"We have very active fans, and do member feature stories and contests and have prizes and trivia and all sorts of fun stuff," Kelsch said. "We have very interactive and enthusiastic fans on the Pride of Dakota Facebook site."
A recent contest highlighted National Chocolate Day by asking fans to tell why they love chocolate, with the prize being a Pride of Dakota chocolate bar. The ag department uses fun little things like that to keep people engaged while also giving some exposure to various Pride of Dakota members.
"And recently (we) did start a Facebook site for the ag department as well, and that's more news and industry-based," Kelsch said.
Pride of Dakota and the ag department also have Twitter accounts, which are in turn linked back to the respective Facebook accounts. With a 140-character limit for each post, the Twitter service features a variety of quick news bites, many of which also appear on Facebook. While many people use both services, some prefer one over the other, which is why the ag department uses both to reach as many people as possible.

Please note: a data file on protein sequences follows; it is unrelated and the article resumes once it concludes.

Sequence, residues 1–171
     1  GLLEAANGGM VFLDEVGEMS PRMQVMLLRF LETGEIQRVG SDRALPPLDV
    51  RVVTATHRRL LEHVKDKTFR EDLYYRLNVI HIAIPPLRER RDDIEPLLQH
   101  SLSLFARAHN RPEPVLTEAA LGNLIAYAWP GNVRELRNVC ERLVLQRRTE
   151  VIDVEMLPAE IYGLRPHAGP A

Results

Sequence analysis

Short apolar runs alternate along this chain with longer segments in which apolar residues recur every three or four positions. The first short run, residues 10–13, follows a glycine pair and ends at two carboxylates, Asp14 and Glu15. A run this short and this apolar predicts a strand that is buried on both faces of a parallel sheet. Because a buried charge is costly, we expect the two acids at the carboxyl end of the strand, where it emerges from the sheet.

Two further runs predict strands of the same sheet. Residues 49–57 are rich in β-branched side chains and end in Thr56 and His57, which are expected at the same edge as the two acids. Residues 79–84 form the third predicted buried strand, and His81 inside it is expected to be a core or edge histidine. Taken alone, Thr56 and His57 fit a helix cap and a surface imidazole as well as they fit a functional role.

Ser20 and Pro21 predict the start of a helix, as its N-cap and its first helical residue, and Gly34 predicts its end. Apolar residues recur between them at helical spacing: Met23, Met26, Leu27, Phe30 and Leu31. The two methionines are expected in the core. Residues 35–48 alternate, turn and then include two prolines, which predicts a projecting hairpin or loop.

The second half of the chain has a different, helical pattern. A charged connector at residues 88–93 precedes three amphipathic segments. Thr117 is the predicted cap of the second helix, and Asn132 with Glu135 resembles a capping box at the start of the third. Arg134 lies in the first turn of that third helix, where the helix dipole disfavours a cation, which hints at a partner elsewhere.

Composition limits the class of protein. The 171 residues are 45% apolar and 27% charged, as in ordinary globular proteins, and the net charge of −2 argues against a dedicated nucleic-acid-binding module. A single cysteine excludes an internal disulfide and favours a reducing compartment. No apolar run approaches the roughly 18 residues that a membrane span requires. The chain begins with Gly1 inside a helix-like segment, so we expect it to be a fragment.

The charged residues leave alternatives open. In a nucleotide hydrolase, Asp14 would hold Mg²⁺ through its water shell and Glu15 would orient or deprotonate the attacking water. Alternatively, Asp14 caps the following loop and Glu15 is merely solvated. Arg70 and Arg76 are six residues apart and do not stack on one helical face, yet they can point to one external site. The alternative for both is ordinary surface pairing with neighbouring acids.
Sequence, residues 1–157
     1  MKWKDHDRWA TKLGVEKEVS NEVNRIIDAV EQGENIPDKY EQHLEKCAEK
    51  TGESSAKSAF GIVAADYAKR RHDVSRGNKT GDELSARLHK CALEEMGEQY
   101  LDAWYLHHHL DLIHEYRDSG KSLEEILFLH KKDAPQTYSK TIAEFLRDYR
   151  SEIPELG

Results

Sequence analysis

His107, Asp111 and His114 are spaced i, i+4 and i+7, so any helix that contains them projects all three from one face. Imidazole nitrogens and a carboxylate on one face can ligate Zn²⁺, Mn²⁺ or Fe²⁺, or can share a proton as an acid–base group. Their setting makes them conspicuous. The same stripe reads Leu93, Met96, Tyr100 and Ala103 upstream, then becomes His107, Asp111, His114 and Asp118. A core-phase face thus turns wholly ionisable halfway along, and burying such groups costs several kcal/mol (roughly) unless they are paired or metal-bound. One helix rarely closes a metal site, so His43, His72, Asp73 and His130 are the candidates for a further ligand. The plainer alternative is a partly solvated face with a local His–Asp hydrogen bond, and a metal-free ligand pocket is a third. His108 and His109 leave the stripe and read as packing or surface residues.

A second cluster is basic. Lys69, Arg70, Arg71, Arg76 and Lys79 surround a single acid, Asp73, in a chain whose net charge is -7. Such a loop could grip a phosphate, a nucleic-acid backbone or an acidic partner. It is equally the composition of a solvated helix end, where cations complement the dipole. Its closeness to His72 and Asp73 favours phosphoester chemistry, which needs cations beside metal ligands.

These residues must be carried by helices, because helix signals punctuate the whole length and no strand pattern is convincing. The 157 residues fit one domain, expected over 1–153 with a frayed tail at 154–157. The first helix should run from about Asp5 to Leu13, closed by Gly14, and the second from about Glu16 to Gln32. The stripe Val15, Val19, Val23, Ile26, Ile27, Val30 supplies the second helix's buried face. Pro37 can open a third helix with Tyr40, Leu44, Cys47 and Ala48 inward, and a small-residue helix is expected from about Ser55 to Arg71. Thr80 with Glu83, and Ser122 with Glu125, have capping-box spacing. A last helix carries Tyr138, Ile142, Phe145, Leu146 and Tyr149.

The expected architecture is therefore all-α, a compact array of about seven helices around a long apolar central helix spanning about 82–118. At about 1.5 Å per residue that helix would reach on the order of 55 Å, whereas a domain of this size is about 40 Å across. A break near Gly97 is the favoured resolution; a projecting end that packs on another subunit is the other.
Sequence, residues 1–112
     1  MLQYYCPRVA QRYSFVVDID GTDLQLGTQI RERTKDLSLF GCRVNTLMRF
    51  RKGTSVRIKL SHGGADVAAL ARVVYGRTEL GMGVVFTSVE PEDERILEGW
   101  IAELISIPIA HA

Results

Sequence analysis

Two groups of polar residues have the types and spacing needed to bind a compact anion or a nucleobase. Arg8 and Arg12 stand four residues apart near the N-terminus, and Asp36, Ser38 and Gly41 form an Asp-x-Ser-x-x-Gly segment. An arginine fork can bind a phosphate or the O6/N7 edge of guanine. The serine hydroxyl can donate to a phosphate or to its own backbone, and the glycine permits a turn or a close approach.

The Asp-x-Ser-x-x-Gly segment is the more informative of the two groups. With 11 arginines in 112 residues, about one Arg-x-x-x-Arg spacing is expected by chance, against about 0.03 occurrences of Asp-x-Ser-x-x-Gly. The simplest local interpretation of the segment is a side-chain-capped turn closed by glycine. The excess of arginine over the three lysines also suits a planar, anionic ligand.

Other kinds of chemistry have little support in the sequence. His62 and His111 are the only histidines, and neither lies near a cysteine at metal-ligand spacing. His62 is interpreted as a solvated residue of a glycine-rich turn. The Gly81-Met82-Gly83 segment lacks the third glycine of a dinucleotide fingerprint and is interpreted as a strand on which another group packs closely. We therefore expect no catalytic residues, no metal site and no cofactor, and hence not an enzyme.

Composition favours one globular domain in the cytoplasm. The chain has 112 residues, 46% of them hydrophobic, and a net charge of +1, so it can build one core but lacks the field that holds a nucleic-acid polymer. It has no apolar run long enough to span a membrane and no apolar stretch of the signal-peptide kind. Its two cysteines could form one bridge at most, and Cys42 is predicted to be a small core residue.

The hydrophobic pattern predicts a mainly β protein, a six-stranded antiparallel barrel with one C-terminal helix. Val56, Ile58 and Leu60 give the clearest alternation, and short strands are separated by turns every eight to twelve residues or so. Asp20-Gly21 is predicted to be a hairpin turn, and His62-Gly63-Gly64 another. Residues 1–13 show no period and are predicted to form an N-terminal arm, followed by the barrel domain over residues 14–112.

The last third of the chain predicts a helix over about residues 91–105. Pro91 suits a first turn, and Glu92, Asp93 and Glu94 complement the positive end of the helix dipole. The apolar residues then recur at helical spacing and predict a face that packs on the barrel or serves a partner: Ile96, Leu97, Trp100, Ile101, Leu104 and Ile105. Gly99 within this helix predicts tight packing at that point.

Those looking to get in on the fun can search for "prideofdakota" and "NDagriculture" on both Facebook and Twitter to find the respective accounts and follow them.
Kelsch said the fans they have on Facebook and Twitter are pretty varied, but tend to skew more towards women. There has also been a recent increase in younger fans. While Kelsch said that's a great development, they aren't specifically targeting a younger crowd. Rather, they are targeting anyone interested in Pride of Dakota products or North Dakota agriculture.
"We really feel like social media is for anyone who's interested in using it. That's kind of what we feel about Pride of Dakota products, too," Kelsch said. "It's never too early to realize there's good products made right here in the state."